This development is just terrible, but at least we have the three seasons (and his appearance in The Defenders) to rewatch and enjoy over and over again. Unlike other superhero adaptations, Daredevil hit it out of the park from the very start and we have to thank Netlix and Marvel for finally bringing us a version of the Man Without Fear that lived up to its potential and surpassed it.

Lewis T. Grove

 

Personal Reflections About Stan Lee

Heroes aren’t born they’re developed, and Stan Lee created a universe full of Superheroes. It’s sad we have lost the greatest mind in the history of comics.

When I was young, I wrote to Mr. Lee with a storyline and an idea for a comic. Basically, it was about a cabbie who picks up Spider-Man characters like J. Jonah Jameson and Robbie Robertson and gets different viewpoints of Spidey. I also gave him an idea about doing a comic on how to create your own versions of Marvel costumes. I was surprised that Stan personally wrote back to me and actually liked my ideas. He gave me the names of the people I should contact at Marvel Comics. It was too bad that nothing came of it but I was grateful for Stan’s input and advice.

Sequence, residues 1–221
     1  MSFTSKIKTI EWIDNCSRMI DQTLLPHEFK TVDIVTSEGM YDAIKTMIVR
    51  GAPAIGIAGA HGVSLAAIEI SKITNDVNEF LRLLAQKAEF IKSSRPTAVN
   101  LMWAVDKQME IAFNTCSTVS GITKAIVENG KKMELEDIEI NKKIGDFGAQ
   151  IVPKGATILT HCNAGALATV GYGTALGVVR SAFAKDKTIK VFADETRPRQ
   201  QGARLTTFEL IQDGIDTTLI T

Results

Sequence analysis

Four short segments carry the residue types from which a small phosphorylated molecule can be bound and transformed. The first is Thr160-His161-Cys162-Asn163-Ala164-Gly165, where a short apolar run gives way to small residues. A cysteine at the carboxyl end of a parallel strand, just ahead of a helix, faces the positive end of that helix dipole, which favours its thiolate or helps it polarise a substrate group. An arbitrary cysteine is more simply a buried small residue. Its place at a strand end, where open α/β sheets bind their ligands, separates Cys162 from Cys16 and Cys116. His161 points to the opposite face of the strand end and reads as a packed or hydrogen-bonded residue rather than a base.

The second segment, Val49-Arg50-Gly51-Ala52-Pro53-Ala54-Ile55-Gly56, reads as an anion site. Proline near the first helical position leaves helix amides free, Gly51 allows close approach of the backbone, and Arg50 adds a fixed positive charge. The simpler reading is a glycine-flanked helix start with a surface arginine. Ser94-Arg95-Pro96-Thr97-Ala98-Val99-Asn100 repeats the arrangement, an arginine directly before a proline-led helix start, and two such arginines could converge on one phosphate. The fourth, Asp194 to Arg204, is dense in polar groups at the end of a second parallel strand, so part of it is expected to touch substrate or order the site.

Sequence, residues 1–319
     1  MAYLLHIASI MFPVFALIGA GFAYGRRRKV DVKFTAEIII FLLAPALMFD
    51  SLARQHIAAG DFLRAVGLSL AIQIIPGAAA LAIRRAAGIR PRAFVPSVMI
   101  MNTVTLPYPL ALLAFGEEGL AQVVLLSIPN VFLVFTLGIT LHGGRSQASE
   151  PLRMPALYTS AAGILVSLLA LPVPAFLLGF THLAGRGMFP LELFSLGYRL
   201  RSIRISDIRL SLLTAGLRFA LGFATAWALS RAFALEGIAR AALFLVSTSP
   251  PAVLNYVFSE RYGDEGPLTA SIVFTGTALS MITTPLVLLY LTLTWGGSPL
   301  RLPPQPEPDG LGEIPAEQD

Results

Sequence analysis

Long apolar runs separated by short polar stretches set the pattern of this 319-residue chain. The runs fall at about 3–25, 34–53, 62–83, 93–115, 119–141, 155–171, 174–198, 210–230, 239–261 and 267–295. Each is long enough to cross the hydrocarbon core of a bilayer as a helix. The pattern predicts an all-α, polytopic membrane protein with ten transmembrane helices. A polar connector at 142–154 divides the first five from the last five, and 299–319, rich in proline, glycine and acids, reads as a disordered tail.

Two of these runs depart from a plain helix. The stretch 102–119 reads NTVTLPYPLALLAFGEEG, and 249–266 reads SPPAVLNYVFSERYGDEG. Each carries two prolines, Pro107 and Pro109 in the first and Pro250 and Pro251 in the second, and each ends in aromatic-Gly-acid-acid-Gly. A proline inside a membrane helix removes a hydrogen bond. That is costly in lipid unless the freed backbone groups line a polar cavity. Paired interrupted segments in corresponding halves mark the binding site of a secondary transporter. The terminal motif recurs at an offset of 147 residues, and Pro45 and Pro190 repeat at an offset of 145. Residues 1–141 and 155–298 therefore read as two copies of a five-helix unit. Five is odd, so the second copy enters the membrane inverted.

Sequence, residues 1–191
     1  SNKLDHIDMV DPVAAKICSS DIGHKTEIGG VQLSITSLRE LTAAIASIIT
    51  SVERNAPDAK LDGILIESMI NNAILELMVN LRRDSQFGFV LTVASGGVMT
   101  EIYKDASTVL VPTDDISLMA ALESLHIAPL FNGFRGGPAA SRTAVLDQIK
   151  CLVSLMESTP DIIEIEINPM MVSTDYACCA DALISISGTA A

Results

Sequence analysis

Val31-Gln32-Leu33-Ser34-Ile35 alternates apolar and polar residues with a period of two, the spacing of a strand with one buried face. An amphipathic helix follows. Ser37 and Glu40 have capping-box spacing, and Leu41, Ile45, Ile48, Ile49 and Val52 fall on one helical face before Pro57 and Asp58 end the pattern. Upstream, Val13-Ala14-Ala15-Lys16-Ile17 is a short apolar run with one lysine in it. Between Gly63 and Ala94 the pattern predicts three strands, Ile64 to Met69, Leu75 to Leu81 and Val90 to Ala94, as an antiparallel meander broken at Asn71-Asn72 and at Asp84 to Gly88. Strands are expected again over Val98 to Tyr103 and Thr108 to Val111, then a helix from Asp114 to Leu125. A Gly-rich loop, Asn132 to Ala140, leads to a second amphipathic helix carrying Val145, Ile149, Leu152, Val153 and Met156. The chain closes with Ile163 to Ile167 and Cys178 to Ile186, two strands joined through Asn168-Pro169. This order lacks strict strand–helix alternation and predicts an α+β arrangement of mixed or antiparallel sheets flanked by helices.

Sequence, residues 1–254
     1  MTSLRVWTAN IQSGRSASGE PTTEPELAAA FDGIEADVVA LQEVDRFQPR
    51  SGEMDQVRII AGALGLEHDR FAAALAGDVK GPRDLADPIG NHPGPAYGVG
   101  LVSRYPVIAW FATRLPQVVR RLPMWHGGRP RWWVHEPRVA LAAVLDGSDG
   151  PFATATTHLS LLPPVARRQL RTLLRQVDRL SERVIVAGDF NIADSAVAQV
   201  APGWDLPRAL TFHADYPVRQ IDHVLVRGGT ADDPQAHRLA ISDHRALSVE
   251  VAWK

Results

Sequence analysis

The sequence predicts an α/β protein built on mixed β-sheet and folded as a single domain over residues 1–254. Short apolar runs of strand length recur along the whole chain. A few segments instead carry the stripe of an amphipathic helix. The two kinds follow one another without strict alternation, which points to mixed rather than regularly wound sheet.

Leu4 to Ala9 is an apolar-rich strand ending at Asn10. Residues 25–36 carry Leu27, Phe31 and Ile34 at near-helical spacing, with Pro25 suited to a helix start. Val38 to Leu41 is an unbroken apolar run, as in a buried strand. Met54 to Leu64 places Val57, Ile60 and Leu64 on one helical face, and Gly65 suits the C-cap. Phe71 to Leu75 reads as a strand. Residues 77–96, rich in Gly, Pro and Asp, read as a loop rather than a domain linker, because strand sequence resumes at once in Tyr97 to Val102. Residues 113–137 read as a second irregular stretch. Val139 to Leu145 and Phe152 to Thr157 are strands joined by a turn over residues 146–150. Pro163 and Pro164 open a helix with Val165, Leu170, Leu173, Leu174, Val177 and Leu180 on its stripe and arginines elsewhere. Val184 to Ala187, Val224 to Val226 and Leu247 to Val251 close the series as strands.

Years later, I actually got the meet Stan the Man at Shea Stadium, the former home of the New York Mets. Spider-man was getting married to Mary Jane Watson in the Marvel comic books and in the newspaper comic strips that Lee was writing at the time. He decided to have a wedding ceremony for the super couple the same week the wedding happened in the print versions. Back then I worked at Starlog magazine and we ran stories covering Spider-man’s wedding in Starlog and Comics Scene magazines.

I spoke to Lee after a photo shoot inside the stadium. I told him I had written to him and that he personally replied. He shocked me by saying he remembered the letter.